"Rapidly growing cities in China have a lot of catching up to do, thus the demand for everything is high," she remarks.

But why is Europe the destination of choice for Chinese school students? Part of the reason is Chinese parents realize the benefits of their children better understanding China's largest trading partner.

According to Eurostat, EU exports to China grew nearly 40 percent to 113.1 billion euros (US$161 billion) last year, while imports from China rose by a third to 281.9 billion euros compared with the previous year.

Moreover, there is a firm belief that European methods of schooling can complement, and in certain aspects compensate for, the Chinese education system.

"In China, given the massive population, the schooling system is fiercely competitive and teaching methods can sometimes be rigid. Every student, supported by his or her family, is expected to diligently do whatever it takes to be on top," says Wang Ding, an education professional who facilitates summer programs for Chinese students in Europe.

"Whereas Europe tends to place emphasis on critical thinking and self-learning. So when Chinese school children come to Europe for the summer, it opens their eyes to a different world," Ding adds.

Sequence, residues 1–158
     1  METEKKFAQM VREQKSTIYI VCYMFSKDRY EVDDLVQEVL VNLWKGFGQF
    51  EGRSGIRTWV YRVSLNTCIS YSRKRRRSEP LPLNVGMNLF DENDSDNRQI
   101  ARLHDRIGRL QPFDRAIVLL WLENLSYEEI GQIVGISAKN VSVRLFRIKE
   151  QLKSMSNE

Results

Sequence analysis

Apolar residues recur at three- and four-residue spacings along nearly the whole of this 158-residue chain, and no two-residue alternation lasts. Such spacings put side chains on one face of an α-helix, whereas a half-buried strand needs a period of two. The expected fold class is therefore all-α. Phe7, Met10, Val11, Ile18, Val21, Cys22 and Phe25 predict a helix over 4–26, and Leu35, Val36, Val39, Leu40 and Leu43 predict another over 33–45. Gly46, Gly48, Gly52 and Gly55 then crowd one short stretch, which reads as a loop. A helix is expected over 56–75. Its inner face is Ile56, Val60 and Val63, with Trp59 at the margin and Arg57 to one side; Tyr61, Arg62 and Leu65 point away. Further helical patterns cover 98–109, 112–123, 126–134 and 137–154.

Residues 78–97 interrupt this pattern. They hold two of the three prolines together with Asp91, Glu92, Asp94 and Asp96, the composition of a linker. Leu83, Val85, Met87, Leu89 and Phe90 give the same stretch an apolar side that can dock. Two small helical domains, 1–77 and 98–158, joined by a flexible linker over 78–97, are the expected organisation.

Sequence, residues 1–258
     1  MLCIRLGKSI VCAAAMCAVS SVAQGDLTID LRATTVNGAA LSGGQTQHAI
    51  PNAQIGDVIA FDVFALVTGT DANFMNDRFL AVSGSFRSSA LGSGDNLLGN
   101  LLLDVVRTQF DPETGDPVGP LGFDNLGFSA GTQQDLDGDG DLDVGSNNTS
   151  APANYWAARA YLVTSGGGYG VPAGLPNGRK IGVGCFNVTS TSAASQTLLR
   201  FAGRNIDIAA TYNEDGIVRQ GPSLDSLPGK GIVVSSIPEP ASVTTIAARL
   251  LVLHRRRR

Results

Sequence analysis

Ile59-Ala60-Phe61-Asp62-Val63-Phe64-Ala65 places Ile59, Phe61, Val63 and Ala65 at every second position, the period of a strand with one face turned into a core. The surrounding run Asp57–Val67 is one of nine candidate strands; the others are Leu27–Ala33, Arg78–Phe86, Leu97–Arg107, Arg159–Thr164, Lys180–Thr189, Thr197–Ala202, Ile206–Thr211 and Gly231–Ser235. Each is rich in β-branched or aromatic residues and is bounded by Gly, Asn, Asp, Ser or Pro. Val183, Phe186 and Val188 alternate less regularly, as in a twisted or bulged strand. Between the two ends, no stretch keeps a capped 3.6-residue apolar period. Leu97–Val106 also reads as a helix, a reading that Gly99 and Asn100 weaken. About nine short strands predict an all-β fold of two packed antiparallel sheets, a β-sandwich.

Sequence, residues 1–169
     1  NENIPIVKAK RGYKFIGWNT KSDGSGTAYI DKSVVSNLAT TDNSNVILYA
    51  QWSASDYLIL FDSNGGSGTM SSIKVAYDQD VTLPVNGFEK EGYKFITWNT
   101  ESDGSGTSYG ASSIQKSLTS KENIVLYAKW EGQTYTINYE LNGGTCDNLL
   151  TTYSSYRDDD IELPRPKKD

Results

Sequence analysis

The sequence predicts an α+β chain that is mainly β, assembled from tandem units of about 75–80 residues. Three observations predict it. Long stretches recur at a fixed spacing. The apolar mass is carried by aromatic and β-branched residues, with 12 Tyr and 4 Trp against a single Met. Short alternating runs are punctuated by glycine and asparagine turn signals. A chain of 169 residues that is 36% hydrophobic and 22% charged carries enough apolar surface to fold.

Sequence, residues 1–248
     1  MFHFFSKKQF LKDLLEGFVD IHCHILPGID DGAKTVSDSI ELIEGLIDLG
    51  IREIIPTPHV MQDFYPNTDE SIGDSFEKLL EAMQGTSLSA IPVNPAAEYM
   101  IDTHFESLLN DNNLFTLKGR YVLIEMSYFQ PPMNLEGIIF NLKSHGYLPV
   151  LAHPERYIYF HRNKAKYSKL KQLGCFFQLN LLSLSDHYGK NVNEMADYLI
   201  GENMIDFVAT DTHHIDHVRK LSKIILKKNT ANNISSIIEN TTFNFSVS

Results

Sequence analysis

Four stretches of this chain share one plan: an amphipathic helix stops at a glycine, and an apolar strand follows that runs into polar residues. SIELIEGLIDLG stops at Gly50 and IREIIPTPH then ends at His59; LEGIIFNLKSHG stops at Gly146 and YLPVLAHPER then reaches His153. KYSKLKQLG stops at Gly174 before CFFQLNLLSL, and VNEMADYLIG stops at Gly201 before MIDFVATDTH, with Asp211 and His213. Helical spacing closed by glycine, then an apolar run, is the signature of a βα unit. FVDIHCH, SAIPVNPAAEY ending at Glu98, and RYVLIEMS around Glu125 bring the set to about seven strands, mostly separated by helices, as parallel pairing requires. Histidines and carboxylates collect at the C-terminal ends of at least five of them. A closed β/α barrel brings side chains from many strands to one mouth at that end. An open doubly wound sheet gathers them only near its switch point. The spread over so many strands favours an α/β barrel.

Dealing with Chinese families' only children or "little emperors," most of who are traveling abroad for the first time, can also be a challenge for organizers. Most Chinese children have six elders fussing over them, their parents and both sets of grandparents, a social phenomenon known as 4:2:1 in China.

"Many students we receive are urban kids used to easily getting what they want," says Rudolf Reiet, CEO of Caerus, a German firm that, among other things, organizes study tours and exchange programs in Europe and China.

"So our focus, and what parents request, is that we design programs to teach them European values such as self-sufficiency and taking initiative," he adds.

Britain, France and Germany remain the top summer school destinations, although it is not uncommon for Chinese groups to visit up to nine European cities in three weeks. To ensure safety, there is usually one adult supervisor for every six children and every child is given a European mobile phone number.

During the program, Chinese children can choose to learn a foreign language, stay with a host family and experience local culture through an array of special activities.